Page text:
An experimental vaccine that first primes the immune system, then boosts the immune system to amplify the response, could eventually become a strategy for protecting against global human immunodeficiency virus (HIV-1) infection, Johnson & Johnson has announced.
The announcement is based on the results of a small preclinical study, of an HIV vaccine regimen used in rhesus monkeys, conducted by scientists at Beth Israel Deaconess Medical Center (BIDMC), Crucell Holland B.V, one of the Janssen Pharmaceutical Companies of Johnson & Johnson, and several other collaborators.
The “heterologous prime-boost” vaccine regimen protected six out of 12 animals who received it from infection with the monkey version of HIV. The monkeys were given doses of SIV (simian, or monkey HIV) that were each 100 times more infectious than what humans are typically exposed to.
J&J has now begun a human phase 1/2a clinical trial for safety and immunogenicity of the vaccine, the first human AIDS vaccine test since 2009, with 400 volunteers in South Africa, Rwanda, Uganda, Thailand, and the U.S., with results expected next year.
Paul Stoffels, M.D., Chief Scientific Officer and Worldwide Chairman, Pharmaceuticals, Johnson & Johnson, said:
“Despite great progress in HIV treatments, HIV remains one of the greatest global health threats of our time with millions continuing to be infected each year. Our ultimate goal is to develop a vaccine that prevents HIV in the first place. By Janssen collaborating with multiple stakeholders on new tools, we hope one day to help eradicate HIV.”
The vaccine consists of two parts: the first leverages Janssen’s AdVac, an adenoviral vectors technology, which involves a cold-causing virus “smuggling” HIV protein into the body to prime the immune system. The second part is a purified HIV envelope protein boost intended to enhance the immune system over time.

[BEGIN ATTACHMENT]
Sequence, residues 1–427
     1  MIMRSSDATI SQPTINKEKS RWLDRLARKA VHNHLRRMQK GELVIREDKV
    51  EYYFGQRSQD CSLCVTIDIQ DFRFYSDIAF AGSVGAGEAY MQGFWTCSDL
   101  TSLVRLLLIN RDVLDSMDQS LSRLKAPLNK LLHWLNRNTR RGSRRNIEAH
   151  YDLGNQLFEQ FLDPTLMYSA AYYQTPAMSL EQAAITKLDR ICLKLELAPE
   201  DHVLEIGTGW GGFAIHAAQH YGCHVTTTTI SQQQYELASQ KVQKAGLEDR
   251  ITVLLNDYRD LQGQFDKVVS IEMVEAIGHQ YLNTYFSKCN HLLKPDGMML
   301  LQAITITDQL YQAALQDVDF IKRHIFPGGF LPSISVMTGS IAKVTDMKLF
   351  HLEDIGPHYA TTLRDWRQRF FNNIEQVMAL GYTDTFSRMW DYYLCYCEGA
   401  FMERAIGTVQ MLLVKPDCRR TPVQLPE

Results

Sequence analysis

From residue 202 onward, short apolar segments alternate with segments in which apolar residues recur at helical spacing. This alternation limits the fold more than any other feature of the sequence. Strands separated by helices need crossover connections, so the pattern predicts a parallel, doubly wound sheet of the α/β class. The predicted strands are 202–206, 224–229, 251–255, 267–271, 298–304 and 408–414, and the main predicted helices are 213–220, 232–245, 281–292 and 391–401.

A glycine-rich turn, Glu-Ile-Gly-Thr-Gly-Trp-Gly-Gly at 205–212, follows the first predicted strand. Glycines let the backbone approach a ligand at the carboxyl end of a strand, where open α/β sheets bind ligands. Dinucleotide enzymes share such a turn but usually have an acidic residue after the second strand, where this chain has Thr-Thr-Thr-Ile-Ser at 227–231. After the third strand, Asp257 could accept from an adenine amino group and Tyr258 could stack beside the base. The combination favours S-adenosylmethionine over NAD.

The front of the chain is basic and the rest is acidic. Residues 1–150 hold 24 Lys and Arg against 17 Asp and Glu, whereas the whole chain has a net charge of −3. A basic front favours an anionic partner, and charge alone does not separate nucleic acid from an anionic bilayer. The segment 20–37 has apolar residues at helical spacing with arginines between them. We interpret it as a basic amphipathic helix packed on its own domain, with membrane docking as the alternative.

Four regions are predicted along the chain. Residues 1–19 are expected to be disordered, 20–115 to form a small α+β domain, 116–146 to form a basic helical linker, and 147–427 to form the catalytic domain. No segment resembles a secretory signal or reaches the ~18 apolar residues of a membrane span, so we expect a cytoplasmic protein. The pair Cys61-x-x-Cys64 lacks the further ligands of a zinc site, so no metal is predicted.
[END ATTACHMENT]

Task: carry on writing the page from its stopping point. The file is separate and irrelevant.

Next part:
Lead author Dan H. Barouch, MD, PhD, Professor of Medicine at Harvard Medical School, said:
“We are very encouraged by the results of this preclinical HIV vaccine study, and the findings lead to a clear path forward for evaluating this HIV vaccine candidate in humans.”
More than 35 million people around the world are now living with HIV, according to the Joint United Nations Programme on HIV/AIDS (UNAIDS).
Protective efficacy of adenovirus-protein vaccines against SIV challenges in rhesus monkeys
Dan H. Barouch, Galit Alter, Thomas Broge, Caitlyn Linde, Margaret E. Ackerman, Eric P. Brown, Erica N. Borducchi, Kaitlin M. Smith, Joseph P. Nkolola, Jinyan Liu, Jennifer Shields, Lily Parenteau, James B. Whitney, Peter Abbink, David M. Ng’ang’a, Michael S. Seaman, Christy L. Lavine, James R. Perry, Wenjun Li, Arnaud D. Colantonio, Mark G. Lewis, Bing Chen, Holger Wenschuh, Ulf Reimer, Michael Piatak, Jeffrey D. Lifson, Scott A. Handley, Herbert W. Virgin, Marguerite Koutsoukos, Clarisse Lorin, Gerald Voss, Mo Weijtens, Maria G. Pau, and Hanneke Schuitemaker
Science aab3886Published online 2 July 2015 [DOI:10.1126/science.aab3886]
Illustration: Cut-away model of HIV. Credit John Wildgoose, Wellcome Images